With less than half the year gone 1977 has already provided an extraordinary brace of memorable concerts: Lou Reed and Emmylou provided some stunning moments in Europe; then there were the Kinks, Ry Cooder, Bryan Ferry and Peter Gabriel and Louis, again, all of whom played major concerts in London.
Further, incidental delights have included pub appearances by Otway & Barrett and Clayson & The Argonauts and the Kursaal Flyers. Heading the list thus far, though, are Television in Glasgow and Graham Parker & the Rumour at the Rainbow, a concert so full of thrills and excitement that I was coasting on the vibe for a week after the event.
It was inevitable that a band of the Rumour's class and talent (their contribution to Parker's phenomenal success is incalculable) would desire to expand their scope of action and take in a few appearances without their leader — an album by the group has been planned for some time. To London's Nashville, then, on Friday evening for the first of the Rumour's two-night residency at the venue, and a gig that proved to be no less enjoyable than any of the large-scale events mentioned above.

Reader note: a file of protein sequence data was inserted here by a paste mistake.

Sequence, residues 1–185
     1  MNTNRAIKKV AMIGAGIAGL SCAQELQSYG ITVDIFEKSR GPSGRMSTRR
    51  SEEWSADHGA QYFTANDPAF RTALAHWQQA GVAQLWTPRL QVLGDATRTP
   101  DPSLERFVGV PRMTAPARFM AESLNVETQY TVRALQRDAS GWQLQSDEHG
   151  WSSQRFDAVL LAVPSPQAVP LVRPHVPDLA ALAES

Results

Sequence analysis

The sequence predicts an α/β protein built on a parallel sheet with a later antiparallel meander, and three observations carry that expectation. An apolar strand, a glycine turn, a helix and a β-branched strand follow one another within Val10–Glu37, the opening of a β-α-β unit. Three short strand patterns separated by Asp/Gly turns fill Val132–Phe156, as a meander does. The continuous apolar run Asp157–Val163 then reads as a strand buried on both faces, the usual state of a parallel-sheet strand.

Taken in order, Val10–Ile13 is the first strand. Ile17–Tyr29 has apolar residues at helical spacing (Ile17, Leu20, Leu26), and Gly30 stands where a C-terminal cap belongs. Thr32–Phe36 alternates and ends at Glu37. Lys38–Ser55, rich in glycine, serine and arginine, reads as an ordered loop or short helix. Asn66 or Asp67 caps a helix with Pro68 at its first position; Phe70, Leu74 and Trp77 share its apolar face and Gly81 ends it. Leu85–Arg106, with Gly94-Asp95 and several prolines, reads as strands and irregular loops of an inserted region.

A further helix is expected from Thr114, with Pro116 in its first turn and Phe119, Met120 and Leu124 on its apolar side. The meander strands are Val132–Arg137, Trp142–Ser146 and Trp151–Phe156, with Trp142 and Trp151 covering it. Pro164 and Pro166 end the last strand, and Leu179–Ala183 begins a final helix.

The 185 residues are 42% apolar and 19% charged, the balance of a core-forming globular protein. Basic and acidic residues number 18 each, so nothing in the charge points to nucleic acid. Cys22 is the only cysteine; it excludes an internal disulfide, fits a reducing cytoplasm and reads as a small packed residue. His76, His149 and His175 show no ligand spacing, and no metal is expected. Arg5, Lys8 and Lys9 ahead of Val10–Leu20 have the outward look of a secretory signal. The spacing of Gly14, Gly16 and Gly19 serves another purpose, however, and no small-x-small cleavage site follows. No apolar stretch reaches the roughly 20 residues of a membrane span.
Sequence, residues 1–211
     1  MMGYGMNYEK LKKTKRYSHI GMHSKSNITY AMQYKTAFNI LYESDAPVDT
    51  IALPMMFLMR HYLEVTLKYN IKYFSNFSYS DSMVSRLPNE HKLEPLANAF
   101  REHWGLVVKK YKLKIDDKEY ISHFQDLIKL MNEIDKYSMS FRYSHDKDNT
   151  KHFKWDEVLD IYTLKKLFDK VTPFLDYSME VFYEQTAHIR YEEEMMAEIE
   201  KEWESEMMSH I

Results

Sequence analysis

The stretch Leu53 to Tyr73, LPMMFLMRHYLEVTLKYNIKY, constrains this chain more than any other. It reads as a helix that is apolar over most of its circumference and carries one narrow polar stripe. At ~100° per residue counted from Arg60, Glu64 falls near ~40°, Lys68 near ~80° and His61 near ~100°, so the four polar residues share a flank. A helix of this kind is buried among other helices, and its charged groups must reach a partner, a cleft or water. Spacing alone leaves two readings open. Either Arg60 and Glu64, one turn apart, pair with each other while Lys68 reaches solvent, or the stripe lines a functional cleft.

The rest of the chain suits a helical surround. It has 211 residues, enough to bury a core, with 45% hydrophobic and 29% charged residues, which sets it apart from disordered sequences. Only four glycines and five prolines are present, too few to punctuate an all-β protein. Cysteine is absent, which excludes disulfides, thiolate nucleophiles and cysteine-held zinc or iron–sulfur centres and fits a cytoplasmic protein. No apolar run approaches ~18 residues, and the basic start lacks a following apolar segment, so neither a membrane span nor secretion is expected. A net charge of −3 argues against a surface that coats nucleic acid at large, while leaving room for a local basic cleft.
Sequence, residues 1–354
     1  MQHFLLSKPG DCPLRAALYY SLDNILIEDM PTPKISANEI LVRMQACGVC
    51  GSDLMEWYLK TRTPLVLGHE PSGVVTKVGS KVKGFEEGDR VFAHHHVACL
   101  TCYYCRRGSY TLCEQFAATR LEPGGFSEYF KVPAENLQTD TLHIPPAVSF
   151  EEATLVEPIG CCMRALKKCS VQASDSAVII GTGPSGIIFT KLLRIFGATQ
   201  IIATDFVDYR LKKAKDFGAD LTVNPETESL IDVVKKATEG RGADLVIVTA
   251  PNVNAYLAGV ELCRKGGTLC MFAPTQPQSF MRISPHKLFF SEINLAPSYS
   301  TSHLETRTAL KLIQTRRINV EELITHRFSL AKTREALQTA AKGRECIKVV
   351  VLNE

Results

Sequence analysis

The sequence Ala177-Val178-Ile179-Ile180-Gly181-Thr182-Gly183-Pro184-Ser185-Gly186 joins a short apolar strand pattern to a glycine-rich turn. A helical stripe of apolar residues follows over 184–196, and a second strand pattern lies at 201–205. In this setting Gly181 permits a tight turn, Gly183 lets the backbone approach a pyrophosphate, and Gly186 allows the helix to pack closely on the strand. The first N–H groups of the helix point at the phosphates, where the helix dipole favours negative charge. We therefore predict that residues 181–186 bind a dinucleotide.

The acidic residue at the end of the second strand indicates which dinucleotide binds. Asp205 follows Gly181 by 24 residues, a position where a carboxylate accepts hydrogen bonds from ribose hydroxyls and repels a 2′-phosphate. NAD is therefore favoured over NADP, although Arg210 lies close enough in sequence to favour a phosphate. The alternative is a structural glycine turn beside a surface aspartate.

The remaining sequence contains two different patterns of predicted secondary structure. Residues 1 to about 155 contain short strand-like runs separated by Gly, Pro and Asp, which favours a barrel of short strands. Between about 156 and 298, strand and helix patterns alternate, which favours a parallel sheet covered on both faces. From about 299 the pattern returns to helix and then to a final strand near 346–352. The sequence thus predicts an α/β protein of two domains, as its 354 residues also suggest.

I mean, the boozy intimacy of the Nashville is a perfect atmosphere for the kind of extrovert music at which the Rumour, with ail their skill, instrumental finesse and good humour, excel.
The night began with a surprising bonus: the unscheduled appearance of the very wonderful Elvis Costello. No band, not even a rhythm section: just Elvis, his electric guitar and his songs and his voice. Both the latter components are uncannily reminiscent of Graham Parker — like GP, his compositions deal fiercely with various re4ationships and being on the losing end of affairs — but he has a musical identity of his own that promises much for the future; and if I don't have "Mystery Dance" and "I'm Not Angry" on a platter before the end of the month I'll be around to Stiff with a squadron of stormtroopers looking for the head of Jake Riviera. Elvis Costello spells Major New Talent. You'd better believe it.